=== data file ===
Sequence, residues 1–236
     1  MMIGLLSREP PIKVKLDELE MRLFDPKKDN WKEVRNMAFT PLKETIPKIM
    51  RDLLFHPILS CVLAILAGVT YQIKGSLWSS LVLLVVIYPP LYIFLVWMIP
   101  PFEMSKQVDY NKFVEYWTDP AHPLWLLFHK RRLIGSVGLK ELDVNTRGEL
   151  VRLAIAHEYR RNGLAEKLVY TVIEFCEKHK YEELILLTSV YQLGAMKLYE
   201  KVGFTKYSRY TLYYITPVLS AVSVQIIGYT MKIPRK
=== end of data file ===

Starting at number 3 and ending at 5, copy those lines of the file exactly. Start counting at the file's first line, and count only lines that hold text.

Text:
    51  RDLLFHPILS CVLAILAGVT YQIKGSLWSS LVLLVVIYPP LYIFLVWMIP
   101  PFEMSKQVDY NKFVEYWTDP AHPLWLLFHK RRLIGSVGLK ELDVNTRGEL
   151  VRLAIAHEYR RNGLAEKLVY TVIEFCEKHK YEELILLTSV YQLGAMKLYE